History of Immigration
The debate about immigration and immigrants has become a heated topic since Mr. Trump made it one of his major agenda as a candidate and continued it as President of the United States. We all heard about the Mexicans immigrants being labelled “criminals and rapists”, the DACA children who are adults now, not belonging here and should be returned to their countries of origin. The call for Muslims to be completely “shutdown from entering the U.S.”, and the disparaging remarks about African countries and by extension those who emigrated from there. This kind of rhetoric does not define a problem and for sure does not help solve it.
A brief history of immigration might help in clarifying the immigration issue and put it in proper perspective for today debate. Immigration ebb and flow has been an issue since the U.S. came into existence. The period from 1789 to 1880 was called the Laissez-Faire one. During this period anyone who could afford to come to America could enter and settle down. Since the U.S. Constitution stipulated that anyone born in the U.S. is considered a citizen, all the children of those early immigrants were automatically became citizens. Africans were brought here as slaves not as immigrants and suffered a lot during this period and did not enjoy the full rights of being citizens. The Native Americans, original inhabitants of America, also suffered during this period. After the civil war many Chinese immigrants came to the U.S. to build the railroads. But many settlers who were immigrants themselves argued against them for economic and cultural reasons similar to some arguments we hear today. The Chinese Exclusion Act was drafted that reduced their numbers. From the 1880s through the mid-1920s America experienced an immigration boom during which immigration averaged nearly 600,000 annually driven by US becoming fully industrialized. From 1924 to 1965 only 155,000 were allowed to immigrate from the western hemisphere. It is important to note the system set quotas for individual sender countries on the basis of their contribution to America’s ethnic stock of 1890, meaning most slots were allocated to immigrants from northern Europe. In 1965 Congress passed the Hart-Cellar immigration bill, replacing quotas that had favored Europeans with a system that instead allotted slots to individual countries on the basis of their proportion of total world population. The idea was to have the new immigrants look like or represent the world not just Europe. So from this brief history it is obvious that immigration is not a new issue. It is also obvious that early immigrants and late ones built America and it is also where America’s strength lies. History has shown that shutting down immigration or limiting it to a specific group will not help America affirm its rightful claim that it is the nation of immigrants and its pride in that claim. the leader of the free world.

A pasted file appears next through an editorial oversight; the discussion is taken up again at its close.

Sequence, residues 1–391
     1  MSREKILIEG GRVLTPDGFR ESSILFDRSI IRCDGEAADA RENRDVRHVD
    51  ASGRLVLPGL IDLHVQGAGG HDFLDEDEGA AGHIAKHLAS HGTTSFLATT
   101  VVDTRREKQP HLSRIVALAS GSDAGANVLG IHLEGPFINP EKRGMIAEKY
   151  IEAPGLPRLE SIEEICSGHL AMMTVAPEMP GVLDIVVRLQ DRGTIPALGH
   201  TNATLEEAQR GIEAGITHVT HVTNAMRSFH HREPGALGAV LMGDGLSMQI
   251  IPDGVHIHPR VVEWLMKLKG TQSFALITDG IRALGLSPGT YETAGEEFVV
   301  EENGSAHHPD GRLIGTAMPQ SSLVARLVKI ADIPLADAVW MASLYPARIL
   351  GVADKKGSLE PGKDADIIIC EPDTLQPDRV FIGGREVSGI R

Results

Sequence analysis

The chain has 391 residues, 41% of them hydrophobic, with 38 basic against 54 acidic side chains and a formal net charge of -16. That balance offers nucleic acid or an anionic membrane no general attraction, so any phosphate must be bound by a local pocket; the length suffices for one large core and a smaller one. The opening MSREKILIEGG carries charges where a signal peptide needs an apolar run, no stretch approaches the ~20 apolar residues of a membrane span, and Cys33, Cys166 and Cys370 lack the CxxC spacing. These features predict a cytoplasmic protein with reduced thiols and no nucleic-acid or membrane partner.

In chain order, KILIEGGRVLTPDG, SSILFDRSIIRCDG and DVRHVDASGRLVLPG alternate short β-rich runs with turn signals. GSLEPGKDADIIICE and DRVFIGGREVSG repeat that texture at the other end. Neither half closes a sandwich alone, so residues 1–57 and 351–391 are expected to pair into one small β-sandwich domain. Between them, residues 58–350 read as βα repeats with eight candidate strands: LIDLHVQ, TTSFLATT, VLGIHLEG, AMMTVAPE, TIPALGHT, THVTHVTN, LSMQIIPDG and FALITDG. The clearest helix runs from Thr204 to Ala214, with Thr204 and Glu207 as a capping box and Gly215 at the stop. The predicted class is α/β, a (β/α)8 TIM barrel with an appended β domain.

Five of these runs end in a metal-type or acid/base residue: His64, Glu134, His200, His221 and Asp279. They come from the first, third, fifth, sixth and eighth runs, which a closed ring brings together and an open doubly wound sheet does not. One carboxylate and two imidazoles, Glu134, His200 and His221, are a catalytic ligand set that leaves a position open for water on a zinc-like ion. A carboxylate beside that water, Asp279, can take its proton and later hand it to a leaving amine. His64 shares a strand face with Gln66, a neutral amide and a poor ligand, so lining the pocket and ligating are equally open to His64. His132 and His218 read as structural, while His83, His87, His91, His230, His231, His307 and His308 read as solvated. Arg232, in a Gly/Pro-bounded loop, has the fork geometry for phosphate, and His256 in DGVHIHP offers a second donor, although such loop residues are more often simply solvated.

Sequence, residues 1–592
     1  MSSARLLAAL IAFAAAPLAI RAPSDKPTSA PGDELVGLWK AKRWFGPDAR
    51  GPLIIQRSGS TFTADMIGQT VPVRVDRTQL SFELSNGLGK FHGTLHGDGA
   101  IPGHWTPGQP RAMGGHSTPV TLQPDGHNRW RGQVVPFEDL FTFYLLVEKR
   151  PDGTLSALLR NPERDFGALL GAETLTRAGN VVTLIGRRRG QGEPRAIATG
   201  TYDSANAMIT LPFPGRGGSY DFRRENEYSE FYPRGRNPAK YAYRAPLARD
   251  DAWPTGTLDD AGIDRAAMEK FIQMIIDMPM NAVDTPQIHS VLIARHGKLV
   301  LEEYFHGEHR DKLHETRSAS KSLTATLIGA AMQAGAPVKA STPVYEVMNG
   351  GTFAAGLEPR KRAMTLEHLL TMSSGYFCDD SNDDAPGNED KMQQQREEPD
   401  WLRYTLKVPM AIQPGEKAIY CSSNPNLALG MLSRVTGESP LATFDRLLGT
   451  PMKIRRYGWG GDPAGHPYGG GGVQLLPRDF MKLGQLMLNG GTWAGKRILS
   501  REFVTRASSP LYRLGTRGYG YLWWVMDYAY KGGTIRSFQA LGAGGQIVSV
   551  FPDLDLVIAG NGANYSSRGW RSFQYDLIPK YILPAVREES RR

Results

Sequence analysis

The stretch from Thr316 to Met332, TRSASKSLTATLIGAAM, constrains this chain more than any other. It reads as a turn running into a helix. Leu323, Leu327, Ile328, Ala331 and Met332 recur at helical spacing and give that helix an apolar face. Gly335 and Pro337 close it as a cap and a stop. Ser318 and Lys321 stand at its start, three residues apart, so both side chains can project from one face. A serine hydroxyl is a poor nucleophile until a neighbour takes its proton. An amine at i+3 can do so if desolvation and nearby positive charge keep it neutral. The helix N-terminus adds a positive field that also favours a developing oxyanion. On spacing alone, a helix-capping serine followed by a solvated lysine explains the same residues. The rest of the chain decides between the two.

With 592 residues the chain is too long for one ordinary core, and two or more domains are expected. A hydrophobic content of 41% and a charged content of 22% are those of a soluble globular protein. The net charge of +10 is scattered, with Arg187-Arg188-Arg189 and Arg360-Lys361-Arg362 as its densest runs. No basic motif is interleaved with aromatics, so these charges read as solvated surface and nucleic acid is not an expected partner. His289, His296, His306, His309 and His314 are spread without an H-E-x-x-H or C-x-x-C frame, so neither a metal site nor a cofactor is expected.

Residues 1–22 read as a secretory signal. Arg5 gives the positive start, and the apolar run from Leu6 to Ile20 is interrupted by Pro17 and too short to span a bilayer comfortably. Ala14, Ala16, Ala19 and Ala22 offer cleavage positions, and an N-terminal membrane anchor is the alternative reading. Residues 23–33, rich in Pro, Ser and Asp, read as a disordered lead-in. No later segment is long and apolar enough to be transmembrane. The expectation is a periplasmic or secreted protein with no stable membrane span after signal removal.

Many arguments about immigration has been presented and debated with opposing views. The first argument is that “Immigrants take our jobs and lower our wages.” This is usually the most common arguments but many studies have shown that this is not true. Immigrants usually reside in growing regions of the U.S. and they have been found to increase the supply and demand of the economy and therefore help employment rather than hurting it. They also take jobs that the Native citizens usually will not do. The effect on wages has also been shown to be very little and almost insignificant. The counter argument says that if there are fewer immigrants the wages for some of those jobs like landscaping, construction and meat packing will go up and if that happens the native citizens will take those jobs. I will outline some other arguments about immigration in my next column.
Peace and blessings to you all,